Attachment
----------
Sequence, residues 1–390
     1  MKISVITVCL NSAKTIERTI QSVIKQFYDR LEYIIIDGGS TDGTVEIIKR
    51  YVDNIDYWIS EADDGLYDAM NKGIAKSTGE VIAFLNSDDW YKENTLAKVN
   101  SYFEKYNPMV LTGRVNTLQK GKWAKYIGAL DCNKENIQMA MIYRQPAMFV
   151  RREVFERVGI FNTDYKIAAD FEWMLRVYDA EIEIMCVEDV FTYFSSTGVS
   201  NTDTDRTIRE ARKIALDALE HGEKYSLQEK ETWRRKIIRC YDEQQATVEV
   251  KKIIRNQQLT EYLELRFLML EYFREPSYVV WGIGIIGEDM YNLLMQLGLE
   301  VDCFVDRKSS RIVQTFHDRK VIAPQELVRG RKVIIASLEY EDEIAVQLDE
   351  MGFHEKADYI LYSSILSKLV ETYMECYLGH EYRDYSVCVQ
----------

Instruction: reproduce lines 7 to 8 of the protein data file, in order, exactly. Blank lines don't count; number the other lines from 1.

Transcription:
   251  KKIIRNQQLT EYLELRFLML EYFREPSYVV WGIGIIGEDM YNLLMQLGLE
   301  VDCFVDRKSS RIVQTFHDRK VIAPQELVRG RKVIIASLEY EDEIAVQLDE